Saturday, December 25, 2010

Talking sense about republishing "leaked" materials

It’s important to have a level head about the controversy over news organizations and bloggers publishing leaked and purportedly classified information, as well as individuals (especially government workers or individuals needing security clearances) viewing it at home with their own resources.

The Wall Street Journal had a summary article on the legal questions by Ashby Jones back on July 26, 2010, “Pentagon Papers II: On WikiLeaks and the First Amendment?” link here.

Generally, republication has been considered immune from prosecution or legal consequences, largely because of the Supreme Court ruling on the Pentagon Papers case. Because of some constitutional law subtleties, as they might apply with Internet technology, however, it’s not absolutely certain that the Ellsberg and Pentagon affairs are completely reliable precedents for Wikileaks. The Opinion was “per curiam” and today there are more questions about oversight and implicit content in Internet publication. Still, most legal scholars feel that the scales are balanced very much toward free speech and the right to republish, as long as the publisher did nothing illegal in acquiring the information and it “fell into his lap.”  (And there are genuine questions about whistle blower protections and journalistic shield also.)

Some hosting companies have terminated Wikileaks sites or, now, sites that mirror Wikileaks or possibly even link to them. They claim TOS violations. But what seems to have happened is that the government (or some powerful Senators, like Lieberman, a “friend” on removing “don’t ask don’t tell” but not on unregulated free speech) has pressured them. There may be more legal basis for government pressuring credit card processing companies, because of money laundering laws. In any case, companies that have “cooperated” with government have sometimes become targets of DDOS attacks, more for “cooperation” than for their original willingness to do business with Assange and his likenesses.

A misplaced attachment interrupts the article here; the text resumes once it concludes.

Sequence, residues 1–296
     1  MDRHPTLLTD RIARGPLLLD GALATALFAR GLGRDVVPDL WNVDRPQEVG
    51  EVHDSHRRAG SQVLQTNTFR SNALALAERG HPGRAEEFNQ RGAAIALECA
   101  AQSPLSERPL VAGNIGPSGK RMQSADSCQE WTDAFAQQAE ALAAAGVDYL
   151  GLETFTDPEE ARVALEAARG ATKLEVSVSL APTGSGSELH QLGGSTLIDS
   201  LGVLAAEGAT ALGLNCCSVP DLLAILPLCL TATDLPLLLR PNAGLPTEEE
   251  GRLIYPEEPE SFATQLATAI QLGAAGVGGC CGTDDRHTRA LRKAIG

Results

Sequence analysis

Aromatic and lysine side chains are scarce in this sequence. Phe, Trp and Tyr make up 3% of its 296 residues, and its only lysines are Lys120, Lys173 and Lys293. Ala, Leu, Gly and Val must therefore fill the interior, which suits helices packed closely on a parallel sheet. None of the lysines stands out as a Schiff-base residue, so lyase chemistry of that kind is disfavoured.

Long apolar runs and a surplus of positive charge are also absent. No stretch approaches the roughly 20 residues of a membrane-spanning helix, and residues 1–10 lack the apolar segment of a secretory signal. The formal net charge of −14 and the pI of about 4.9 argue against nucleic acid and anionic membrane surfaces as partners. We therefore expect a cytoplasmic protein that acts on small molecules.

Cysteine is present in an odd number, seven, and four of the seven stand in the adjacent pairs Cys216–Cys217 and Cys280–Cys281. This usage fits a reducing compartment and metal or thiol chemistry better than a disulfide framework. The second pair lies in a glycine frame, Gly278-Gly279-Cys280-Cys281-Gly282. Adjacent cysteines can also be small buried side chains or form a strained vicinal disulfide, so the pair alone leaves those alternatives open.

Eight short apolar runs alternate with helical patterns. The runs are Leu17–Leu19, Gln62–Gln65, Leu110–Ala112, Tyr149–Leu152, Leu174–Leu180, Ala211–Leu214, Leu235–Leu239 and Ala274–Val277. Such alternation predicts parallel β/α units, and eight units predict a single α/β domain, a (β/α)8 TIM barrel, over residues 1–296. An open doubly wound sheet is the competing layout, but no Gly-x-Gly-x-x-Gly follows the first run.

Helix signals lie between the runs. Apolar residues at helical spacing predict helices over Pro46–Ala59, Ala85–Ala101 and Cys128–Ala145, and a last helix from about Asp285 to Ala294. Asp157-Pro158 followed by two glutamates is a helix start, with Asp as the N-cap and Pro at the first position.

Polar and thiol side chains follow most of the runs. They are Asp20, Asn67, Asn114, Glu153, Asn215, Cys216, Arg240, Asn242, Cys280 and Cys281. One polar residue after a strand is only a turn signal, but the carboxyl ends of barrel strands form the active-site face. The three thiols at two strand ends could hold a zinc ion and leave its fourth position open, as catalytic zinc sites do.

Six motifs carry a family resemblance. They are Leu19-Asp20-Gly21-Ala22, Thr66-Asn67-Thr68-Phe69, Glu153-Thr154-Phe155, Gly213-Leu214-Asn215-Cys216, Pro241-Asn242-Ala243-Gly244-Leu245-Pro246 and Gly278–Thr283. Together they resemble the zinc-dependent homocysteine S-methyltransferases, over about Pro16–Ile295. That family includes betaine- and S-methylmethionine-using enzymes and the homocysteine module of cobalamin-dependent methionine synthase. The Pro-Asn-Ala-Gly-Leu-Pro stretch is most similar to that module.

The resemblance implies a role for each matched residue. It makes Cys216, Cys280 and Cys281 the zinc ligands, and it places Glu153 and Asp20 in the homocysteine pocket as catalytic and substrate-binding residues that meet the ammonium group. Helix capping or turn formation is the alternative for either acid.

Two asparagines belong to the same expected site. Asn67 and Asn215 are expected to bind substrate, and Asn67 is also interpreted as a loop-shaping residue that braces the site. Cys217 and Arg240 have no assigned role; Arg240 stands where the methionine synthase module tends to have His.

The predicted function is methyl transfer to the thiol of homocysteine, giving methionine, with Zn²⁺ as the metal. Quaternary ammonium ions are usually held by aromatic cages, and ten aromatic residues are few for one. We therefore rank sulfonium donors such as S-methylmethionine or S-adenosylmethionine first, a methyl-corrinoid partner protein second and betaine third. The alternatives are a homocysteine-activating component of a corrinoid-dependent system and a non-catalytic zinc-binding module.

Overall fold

But as noted recently by EFF (Thursday’s posting), some hosting companies have suddenly panicked over the possibility that they in turn could be targeted, for DDOS or possibly hacks, if they host “nuisance” customers. Indeed, there could exist scenarios where their other (“legitimate”) customers are affected or jeopardized. The Internet has always had a “Wild West” quality, but suddenly we find a situation where “power” (which corrupts “absolutely’) can undermine the individualism that drove the Net to begin with.

In sum, however, it seems to me that the “panic” over ordinary citizens looking at leaked documents online at home (and then go to work for the government or contractors) , or ordinary bloggers linking to them, seems greatly overblown. Major newspapers are writing analyzes on important stuff apparently found in WikiLeaks, such as China’s censorship policies and Russia’s political stability. If the New York Times can link to them, so can I. In fact, by the most extreme consequences of this logic, it would be wrong for a government employee to even read the New York Times.

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